Skip to main content
Premium Trial:

Request an Annual Quote

Report: Most States Come Up Short Preparing Students for Life-Sciences Careers

Premium

ATLANTA — Eight Northeastern and Midwestern states — including Massachusetts, home to a top-tier biocluster — were among the nation's leaders in preparing middle and high school students for life science careers, while Georgia, the host state of the BIO 2009 International Convention being held here this week, was among 10 states with the lowest ranking, according to a report released this morning.

Taking the Pulse of Bioscience Education in America: A State-By-State Analysis found that most US states, the District of Columbia, and Puerto Rico are generally failing to prepare students for pursuing biosciences studies when they get to college.

The results, according to the report, reflect wide disparities between stats in measures of student achievement in overall science and the life sciences, in ensuring that science and bioscience teachers are well qualified, in incorporating the biosciences in state science standards, and in supporting focused bioscience education programs and higher level bioscience courses.

"More must be done to raise the level and quality of bioscience education if the United States is to remain globally competitive in the biosciences. Many examples exist of the type of programs that work; but, they need to be replicated and states need to commit resources to them," the report concluded.

In addition to Massachusetts, the other states in the top of four tiers measured by the report were Connecticut, Minnesota, New Hampshire, New Jersey, Ohio, Vermont, and Wisconsin.

States joining Georgia in the lowest quartile were Arkansas, Florida, Louisiana, Mississippi, Nevada, New Mexico, Oklahoma, Texas, and West Virginia.

The rest of the results:

• Second Tier — Colorado, Delaware, Idaho, Illinois, Maryland, Missouri, North Carolina, North Dakota, Oregon, Rhode Island, South Dakota, Tennessee, Utah, Virginia, and Washington.

• "Middling Performance," or third tier — Alabama, Arizona, California, Hawaii, Indiana, Kentucky, Maine, Michigan, Montana, South Carolina, and Wyoming.

"Everywhere I go, every state tells me, 'We want to be the next biotechnology hub.' And so, we're calling their bluff," BIO President and CEO James Greenwood said, in remarks Sunday night at a banquet held at the Atlanta Marriot Marquis hotel as part of the Biotechnology Institute's 2009 Conference on Biotechnology Education.

“Great. We’re going to see how you’re doing in preparing your young people into this field. We are able with this study to go to that state and say, 'Well, State X, if you want to be a biotechnology hub, then how come you're 43 out of 50 when it comes to providing good curriculum and training?" Greenwood added.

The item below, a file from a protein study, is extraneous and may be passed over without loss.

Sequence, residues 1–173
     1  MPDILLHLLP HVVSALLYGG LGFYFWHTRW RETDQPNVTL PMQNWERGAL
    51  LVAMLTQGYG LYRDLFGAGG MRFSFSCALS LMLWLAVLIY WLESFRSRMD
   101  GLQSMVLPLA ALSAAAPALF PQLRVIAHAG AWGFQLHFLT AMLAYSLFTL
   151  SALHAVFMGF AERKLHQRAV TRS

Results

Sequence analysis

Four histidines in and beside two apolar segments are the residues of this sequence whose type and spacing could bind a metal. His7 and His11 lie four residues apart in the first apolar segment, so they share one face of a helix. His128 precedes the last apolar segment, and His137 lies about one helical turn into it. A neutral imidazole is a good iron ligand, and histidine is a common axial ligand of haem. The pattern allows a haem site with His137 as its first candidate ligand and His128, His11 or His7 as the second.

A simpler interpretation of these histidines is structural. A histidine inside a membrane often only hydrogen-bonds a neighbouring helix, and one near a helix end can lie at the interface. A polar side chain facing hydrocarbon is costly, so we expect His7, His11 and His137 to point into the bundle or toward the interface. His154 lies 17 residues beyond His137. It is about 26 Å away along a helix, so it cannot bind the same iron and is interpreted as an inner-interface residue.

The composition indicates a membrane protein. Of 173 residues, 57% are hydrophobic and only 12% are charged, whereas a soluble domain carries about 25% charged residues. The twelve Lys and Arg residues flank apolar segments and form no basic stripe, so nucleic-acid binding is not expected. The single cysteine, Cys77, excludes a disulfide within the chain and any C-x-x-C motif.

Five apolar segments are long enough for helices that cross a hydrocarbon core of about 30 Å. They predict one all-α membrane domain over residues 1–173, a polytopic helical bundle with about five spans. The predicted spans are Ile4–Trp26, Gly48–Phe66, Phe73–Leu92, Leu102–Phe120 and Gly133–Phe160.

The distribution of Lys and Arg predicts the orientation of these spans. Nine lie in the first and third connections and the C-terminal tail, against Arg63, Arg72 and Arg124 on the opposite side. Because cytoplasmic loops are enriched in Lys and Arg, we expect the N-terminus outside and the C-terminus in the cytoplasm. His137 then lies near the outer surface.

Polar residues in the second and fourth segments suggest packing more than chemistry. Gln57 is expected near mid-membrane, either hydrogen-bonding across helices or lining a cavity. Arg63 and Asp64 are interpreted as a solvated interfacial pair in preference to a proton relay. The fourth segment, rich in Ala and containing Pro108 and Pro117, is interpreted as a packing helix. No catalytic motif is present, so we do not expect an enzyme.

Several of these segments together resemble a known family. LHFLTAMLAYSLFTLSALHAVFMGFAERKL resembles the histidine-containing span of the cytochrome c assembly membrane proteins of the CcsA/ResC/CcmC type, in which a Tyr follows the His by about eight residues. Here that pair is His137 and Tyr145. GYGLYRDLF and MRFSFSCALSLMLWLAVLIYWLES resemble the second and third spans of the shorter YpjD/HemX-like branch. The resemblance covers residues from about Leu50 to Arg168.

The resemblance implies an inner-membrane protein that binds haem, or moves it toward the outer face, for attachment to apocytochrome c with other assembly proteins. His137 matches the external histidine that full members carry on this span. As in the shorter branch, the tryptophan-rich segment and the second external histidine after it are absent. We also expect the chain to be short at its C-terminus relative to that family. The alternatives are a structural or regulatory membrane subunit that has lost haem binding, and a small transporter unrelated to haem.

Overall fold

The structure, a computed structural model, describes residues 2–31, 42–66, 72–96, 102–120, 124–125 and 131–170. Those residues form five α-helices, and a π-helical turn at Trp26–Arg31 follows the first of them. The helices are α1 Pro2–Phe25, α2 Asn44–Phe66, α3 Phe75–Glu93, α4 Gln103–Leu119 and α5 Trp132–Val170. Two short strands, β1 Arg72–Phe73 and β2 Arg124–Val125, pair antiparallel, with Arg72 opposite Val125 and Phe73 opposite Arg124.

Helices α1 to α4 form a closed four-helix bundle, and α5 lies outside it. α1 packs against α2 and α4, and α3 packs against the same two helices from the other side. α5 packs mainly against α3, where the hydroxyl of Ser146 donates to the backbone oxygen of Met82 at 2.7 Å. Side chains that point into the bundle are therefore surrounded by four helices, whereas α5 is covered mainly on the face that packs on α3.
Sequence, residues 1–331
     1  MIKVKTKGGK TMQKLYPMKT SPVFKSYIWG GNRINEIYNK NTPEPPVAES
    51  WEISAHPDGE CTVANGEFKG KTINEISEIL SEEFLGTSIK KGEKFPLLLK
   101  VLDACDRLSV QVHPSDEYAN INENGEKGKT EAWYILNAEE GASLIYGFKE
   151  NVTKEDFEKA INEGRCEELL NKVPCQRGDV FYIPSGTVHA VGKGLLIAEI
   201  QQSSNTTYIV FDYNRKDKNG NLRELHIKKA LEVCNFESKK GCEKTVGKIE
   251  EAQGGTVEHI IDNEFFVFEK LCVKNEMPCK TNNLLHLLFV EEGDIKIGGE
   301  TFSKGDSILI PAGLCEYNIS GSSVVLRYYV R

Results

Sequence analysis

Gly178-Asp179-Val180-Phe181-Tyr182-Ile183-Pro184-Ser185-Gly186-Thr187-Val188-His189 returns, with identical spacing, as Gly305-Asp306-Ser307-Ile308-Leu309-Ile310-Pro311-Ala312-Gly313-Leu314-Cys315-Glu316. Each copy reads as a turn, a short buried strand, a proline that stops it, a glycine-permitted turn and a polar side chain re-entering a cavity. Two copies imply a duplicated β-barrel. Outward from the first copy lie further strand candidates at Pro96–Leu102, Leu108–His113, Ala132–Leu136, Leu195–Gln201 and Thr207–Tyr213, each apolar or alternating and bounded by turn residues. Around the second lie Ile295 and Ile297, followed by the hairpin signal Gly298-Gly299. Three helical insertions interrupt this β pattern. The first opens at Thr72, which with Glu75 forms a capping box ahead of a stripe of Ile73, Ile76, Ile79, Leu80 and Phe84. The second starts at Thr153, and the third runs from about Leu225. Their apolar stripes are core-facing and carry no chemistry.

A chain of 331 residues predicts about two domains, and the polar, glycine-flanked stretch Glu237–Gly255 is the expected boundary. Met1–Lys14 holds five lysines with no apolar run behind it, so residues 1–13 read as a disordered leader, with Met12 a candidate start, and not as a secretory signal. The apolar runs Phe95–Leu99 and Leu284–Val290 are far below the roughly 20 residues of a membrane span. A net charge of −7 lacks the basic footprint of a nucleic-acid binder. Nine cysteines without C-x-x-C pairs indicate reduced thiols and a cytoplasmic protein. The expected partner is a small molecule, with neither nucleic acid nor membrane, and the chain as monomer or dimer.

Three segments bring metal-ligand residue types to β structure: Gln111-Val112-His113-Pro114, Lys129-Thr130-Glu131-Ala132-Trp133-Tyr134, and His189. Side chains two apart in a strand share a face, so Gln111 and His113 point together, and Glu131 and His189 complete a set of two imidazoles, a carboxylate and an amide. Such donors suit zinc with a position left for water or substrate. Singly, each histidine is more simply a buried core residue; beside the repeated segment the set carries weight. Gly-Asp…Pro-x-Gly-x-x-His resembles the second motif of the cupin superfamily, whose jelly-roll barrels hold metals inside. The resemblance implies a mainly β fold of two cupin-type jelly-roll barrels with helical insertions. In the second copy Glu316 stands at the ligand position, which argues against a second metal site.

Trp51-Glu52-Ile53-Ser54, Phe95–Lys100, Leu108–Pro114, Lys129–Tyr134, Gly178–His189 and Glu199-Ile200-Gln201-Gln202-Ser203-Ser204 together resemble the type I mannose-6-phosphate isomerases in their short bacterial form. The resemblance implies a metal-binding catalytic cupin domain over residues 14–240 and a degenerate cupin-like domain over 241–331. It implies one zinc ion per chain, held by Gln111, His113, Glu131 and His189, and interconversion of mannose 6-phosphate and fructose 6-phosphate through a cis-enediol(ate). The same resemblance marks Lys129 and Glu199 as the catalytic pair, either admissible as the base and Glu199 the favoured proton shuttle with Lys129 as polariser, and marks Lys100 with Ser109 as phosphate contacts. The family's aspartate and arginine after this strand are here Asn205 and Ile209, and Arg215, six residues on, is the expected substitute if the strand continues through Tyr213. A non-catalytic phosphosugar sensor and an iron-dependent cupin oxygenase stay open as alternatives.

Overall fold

The report recommended states pursue several actions to improve their students' life science knowledge and interest in careers in the field:

• Incorporate biotechnology as they revise their science standards, and involve research scientists with expertise in the biosciences in their development.

• Commit to improving student achievement in biology and the life sciences, and ensure that their high school graduates are ready to pursue college-level bioscience courses.

• Improve their collection and dissemination of data, tracking student participation and performance in the biosciences and the broader sciences.

• Adopt a more systematic approach to teacher professional development, experiential learning, and career awareness.

The report ranked states based on their performance on four measures: Average life sciences scores on the 8th Grade National Assessment of Educational Progress test; The percentage of students scoring 3 or higher on the 2008 advanced placement biology exams; the percent of ACT-tested students ready for college-level biology, 2008; and an index of state averages in both ACT and SAT exams relative to the US and weighted by the share of high school graduates in each state taking each exam, 2008, with the national average set at 1.0.

The report was released by the Biotechnology Industry Organization, the Battelle Technology Partnership Practice, and the Biotechnology Institute. Representatives of all three groups were set to discuss the results later today at a briefing for reporters during the first day of BIO 2009, being held at the Georgia World Congress Center.

The Scan

Renewed Gain-of-Function Worries

The New York Times writes that the pandemic is renewing concerns about gain-of-function research.

Who's Getting the Patents?

A trio of researchers has analyzed gender trends in biomedical patents issued between 1976 and 2010 in the US, New Scientist reports.

Other Uses

CBS Sunday Morning looks at how mRNA vaccine technology could be applied beyond SARS-CoV-2.

PLOS Papers Present Analysis of Cervicovaginal Microbiome, Glycosylation in Model Archaea, More

In PLOS this week: functional potential of the cervicovaginal microbiome, glycosylation patterns in model archaea, and more.